1. AmeronNo Gravatar says:

    I used to have similar problems a lot when I was playing in high school. I found that it was more effective to reward honest player than to punish bad player. The cheaters stopped cheating when they realized only the honest players got magic items. Check out our article on Cheating in Dungeons & Dragons.

  2. JimToNo Gravatar says:

    That was thought of. In the end though, this particular guy didn’t really care about rewards at all, he just cared about killing. Most times, he didn’t even loot anything he killed.

  3. DerekNo Gravatar says:

    he’s still doing it in dnd, probably as we speak….

    1. JimToNo Gravatar says:

      He’ll never stop. Unless someone beats it out of him. Not that I’m condoning that, just that there are some people in this world who can only learn a lesson through pain and suffering.

  4. npalaciNo Gravatar says:

    It isn’t always about making others quake in fear or getting the best loot. As an occasional dice cheat ( sorry everybody, I know it is a terrible habit to get into) I just want to make sure that the story continues. To me, more important than the next monster battle or loot drop is the story.

    Just wanted to help explain why we ( some of us anyways ) cheat.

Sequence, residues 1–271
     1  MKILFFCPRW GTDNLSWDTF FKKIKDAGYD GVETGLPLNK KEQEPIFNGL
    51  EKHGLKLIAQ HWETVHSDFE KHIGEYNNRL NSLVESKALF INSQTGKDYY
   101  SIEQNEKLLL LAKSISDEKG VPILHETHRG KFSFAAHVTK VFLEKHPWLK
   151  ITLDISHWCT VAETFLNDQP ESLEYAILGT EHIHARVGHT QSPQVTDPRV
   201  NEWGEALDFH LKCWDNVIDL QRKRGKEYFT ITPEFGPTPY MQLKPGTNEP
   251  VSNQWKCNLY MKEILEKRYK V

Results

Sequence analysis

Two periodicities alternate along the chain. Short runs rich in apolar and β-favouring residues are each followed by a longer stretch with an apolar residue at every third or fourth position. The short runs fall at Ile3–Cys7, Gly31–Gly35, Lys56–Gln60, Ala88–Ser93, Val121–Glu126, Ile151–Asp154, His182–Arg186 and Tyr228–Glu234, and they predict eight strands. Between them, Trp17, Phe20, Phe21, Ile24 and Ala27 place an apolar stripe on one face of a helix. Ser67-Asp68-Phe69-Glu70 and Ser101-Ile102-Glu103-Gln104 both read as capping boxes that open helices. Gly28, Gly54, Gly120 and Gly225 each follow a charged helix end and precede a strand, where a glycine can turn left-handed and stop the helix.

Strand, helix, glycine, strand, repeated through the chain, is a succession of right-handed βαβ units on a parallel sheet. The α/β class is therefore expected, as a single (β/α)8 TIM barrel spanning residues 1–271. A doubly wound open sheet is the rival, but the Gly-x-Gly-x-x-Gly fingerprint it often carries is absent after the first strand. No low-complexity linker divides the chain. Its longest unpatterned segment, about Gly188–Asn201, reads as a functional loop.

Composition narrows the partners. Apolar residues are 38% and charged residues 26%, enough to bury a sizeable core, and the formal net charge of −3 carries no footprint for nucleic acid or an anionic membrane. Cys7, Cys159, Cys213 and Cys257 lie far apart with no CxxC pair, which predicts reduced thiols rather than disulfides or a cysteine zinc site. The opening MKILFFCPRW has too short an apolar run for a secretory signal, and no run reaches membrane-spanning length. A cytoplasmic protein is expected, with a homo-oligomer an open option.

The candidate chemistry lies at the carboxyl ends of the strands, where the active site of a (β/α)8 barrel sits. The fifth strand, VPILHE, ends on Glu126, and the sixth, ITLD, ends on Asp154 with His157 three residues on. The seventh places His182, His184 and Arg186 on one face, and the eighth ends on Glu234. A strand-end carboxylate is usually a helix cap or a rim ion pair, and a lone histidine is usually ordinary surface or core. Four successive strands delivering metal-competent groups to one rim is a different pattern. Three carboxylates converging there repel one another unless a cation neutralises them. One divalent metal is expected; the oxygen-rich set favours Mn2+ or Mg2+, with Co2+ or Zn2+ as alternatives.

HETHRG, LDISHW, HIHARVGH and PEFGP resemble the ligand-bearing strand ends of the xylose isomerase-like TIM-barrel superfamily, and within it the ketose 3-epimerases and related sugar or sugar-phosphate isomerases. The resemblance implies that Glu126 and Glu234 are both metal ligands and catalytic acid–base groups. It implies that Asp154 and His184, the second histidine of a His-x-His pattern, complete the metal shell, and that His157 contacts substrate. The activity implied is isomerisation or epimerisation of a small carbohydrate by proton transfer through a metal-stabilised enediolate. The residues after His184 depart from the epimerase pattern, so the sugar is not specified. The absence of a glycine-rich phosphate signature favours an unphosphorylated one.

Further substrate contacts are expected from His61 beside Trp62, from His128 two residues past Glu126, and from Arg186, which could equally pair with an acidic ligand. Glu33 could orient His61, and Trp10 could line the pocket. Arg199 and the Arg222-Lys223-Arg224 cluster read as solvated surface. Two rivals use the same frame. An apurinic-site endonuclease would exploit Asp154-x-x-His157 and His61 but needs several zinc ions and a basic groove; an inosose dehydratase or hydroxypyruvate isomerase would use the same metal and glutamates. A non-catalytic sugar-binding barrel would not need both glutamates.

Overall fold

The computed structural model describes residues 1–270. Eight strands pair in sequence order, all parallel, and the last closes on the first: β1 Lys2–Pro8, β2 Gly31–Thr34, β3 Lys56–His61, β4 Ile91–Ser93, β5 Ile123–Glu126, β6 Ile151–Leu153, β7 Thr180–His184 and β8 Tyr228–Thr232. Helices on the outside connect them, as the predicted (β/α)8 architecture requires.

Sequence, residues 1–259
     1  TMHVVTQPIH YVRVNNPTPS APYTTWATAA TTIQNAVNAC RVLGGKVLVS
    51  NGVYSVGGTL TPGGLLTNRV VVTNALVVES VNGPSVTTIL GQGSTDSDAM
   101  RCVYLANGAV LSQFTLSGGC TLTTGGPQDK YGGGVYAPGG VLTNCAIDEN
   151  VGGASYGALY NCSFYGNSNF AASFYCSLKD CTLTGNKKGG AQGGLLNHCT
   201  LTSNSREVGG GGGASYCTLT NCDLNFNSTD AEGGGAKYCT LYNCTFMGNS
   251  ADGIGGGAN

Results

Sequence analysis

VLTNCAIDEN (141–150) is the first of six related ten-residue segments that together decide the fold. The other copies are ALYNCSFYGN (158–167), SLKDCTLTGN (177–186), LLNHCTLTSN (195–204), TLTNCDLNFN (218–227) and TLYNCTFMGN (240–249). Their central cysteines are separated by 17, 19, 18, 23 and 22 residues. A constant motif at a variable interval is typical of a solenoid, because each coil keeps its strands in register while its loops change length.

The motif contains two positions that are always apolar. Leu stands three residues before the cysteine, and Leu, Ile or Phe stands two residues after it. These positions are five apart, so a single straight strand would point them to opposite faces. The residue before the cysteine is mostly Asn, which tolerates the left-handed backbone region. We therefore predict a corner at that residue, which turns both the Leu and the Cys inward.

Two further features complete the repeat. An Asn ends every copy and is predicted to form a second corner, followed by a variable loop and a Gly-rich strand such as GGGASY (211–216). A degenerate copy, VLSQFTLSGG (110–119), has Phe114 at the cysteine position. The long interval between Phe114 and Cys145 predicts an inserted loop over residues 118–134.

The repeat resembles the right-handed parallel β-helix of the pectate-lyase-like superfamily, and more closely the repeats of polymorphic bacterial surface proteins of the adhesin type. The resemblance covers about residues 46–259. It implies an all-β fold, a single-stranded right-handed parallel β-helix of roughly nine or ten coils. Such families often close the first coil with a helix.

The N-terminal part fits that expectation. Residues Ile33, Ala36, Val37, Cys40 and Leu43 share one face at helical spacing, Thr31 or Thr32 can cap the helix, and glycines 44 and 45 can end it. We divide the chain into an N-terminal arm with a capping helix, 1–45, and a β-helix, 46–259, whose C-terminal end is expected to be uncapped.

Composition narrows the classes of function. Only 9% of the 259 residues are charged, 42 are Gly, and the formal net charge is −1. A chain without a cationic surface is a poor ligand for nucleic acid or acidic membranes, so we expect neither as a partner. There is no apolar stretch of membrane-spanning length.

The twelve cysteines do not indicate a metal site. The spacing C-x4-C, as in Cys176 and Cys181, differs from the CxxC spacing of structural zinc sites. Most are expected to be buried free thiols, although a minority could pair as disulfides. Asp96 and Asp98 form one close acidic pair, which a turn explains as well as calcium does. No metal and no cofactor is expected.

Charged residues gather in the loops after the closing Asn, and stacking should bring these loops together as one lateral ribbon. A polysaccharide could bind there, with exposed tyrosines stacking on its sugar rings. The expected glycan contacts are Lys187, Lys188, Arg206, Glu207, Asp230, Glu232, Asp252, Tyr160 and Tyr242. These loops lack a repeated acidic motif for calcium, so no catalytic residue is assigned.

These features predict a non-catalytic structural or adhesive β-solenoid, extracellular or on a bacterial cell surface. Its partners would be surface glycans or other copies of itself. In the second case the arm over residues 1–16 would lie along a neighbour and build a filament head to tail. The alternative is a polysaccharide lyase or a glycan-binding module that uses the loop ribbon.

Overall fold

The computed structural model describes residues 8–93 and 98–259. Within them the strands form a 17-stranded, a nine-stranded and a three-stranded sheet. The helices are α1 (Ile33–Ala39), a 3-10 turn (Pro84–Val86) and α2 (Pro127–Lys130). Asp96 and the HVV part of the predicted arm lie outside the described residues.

5. JimToNo Gravatar says:

    I’m going to disagree here.

    Making sure the story continue is the job of the DM in my opinion. If the story is the most important thing, then let it evolve naturally. Cheating dice, (when not the DM) is not making the story the most important thing, it’s imposing your will on the game and bending the story how you want it to go.

  6. JasonNo Gravatar says:

    In the last game I ran we had a player that did this as well. In the past it’s been something that’s really bothered me so at first I attempted to resolve it by insisting that dice remain on the table until I’d seen them. Then I tried asking “What was your roll?” if I was doubtful and that seemed to help some because more often than not they’d look at the dice and tell me the ACTUAL number on it; not telling them the DC or equivalent named target number helped in these cases.